Overcoming underpowering: Trial simulations and a global rank end point to optimize clinical trials in children with heart disease

Kevin D. Hill, H. Scott Baldwin, David P. Bichel, Alicia M. Ellis, Eric M. Graham, Christoph P. Hornik, Jeffrey P. Jacobs, Robert D.B. Jaquiss, Marshall L. Jacobs, Prince J. Kannankeril, Jennifer S. Li, Rachel Torok, Joseph W. Turek, Sean M. O'Brien

Research output: Contribution to journalArticlepeer-review

1 Scopus citations

Abstract

Background: Randomized controlled trials (RCTs) in children with heart disease are challenging and therefore infrequently performed. We sought to improve feasibility of perioperative RCTs for this patient cohort using data from a large, multicenter clinical registry. We evaluated potential enrollment and end point frequencies for various inclusion cohorts and developed a novel global rank trial end point. We then performed trial simulations to evaluate power gains with the global rank end point and with use of planned covariate adjustment as an analytic strategy. Methods: Data from the Society of Thoracic Surgery-Congenital Heart Surgery Database (STS-CHSD, 2011-2016) were used to support development of a consensus-based global rank end point and for trial simulations. For Monte Carlo trial simulations (n = 50,000/outcome), we varied the odds of outcomes for treatment versus placebo and evaluated power based on the proportion of trial data sets with a significant outcome (P < .05). Results: The STS-CHSD study cohort included 35,967 infant index cardiopulmonary bypass operations from 103 STS-CHSD centers, including 11,411 (32%) neonatal cases and 12,243 (34%) high-complexity (Society of Thoracic Surgeons–European Association for Cardio-Thoracic Surgery mortality category ≥4) cases. In trial simulations, study power was 21% for a mortality-only end point, 47% for a morbidity and mortality composite, and 78% for the global rank end point. With covariate adjustment, power increased to 94%. Planned covariate adjustment was preferable to restricting to higher-risk cohorts despite higher event rates in these cohorts. Conclusions: Trial simulations can inform trial design. Our findings, including the newly developed global rank end point, may be informative for future perioperative trials in children with heart disease.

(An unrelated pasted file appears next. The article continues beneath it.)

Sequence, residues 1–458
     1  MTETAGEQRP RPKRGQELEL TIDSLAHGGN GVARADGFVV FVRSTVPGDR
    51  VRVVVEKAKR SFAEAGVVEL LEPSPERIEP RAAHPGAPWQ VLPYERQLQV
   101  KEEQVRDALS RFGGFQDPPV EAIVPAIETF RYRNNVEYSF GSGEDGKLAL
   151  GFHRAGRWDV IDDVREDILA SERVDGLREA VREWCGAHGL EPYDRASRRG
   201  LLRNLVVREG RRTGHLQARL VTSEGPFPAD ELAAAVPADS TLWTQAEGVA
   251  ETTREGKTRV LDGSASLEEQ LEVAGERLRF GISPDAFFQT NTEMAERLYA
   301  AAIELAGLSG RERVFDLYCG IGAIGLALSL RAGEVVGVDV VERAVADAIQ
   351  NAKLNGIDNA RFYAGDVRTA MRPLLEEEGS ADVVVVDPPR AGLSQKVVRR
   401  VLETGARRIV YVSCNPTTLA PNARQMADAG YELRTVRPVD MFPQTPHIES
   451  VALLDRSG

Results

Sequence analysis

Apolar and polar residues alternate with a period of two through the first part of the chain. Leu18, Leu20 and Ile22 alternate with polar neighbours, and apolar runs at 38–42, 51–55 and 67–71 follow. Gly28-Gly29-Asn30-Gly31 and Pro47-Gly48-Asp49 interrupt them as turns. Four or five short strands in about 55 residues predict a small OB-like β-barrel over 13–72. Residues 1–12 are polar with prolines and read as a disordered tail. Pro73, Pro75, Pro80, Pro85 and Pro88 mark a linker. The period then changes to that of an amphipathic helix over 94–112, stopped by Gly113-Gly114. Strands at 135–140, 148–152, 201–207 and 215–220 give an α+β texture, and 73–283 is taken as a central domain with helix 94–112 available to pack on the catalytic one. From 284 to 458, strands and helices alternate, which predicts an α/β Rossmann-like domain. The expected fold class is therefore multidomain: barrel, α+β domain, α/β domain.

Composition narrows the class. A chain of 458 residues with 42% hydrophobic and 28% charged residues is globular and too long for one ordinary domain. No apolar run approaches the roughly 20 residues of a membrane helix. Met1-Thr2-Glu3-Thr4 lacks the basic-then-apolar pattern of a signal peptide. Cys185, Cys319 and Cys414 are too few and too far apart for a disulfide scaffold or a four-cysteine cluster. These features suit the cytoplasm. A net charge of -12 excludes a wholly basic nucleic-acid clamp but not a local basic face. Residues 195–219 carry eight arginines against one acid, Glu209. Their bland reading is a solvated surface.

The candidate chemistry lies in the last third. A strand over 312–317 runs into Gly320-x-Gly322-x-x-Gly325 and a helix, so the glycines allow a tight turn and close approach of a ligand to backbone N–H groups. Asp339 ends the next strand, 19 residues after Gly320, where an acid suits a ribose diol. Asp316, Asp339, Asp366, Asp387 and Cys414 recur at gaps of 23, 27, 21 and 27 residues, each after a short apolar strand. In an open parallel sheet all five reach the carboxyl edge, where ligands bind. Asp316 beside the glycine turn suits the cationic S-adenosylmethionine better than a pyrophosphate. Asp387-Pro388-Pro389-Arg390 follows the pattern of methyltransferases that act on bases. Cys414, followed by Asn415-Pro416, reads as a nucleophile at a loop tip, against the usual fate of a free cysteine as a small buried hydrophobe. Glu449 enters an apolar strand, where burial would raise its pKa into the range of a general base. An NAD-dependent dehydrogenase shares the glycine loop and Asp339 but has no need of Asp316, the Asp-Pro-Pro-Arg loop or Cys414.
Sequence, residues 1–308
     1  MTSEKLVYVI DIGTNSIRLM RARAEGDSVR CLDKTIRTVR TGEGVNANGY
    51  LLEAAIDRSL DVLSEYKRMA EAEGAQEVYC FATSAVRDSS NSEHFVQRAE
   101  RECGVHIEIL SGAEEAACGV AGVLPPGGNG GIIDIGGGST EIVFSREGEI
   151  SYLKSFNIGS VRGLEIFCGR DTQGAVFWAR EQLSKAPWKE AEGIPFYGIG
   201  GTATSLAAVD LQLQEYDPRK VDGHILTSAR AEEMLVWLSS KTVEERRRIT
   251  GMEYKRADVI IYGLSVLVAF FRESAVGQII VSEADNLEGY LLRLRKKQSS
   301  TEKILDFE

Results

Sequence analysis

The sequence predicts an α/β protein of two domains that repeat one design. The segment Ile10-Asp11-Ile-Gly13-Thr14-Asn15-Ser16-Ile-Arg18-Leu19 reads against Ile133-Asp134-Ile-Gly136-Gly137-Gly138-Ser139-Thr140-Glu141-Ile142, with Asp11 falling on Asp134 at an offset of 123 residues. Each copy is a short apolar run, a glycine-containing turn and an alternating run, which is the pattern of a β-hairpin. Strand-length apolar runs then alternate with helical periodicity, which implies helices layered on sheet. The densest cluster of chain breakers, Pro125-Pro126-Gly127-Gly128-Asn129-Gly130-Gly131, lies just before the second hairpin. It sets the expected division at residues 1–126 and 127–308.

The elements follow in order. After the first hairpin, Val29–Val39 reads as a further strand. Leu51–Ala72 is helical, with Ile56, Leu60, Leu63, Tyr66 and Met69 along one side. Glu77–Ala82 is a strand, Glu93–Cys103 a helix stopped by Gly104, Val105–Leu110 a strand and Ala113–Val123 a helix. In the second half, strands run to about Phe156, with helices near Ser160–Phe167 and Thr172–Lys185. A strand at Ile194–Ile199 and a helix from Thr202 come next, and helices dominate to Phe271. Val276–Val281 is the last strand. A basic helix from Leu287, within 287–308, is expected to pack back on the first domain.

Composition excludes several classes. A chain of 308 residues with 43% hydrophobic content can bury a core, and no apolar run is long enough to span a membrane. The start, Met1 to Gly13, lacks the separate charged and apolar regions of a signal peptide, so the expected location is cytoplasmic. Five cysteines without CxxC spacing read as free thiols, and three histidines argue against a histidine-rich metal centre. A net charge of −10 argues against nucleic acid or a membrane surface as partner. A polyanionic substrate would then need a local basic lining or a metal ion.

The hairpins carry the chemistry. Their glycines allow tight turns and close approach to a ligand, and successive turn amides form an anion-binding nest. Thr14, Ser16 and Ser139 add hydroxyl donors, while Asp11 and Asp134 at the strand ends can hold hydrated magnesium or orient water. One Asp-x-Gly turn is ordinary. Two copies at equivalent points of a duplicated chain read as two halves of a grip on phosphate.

Original languageEnglish (US)
Pages (from-to)188-197
Number of pages10
JournalAmerican heart journal
Volume226
DOIs
StatePublished - Aug 2020

ASJC Scopus subject areas

  • Cardiology and Cardiovascular Medicine

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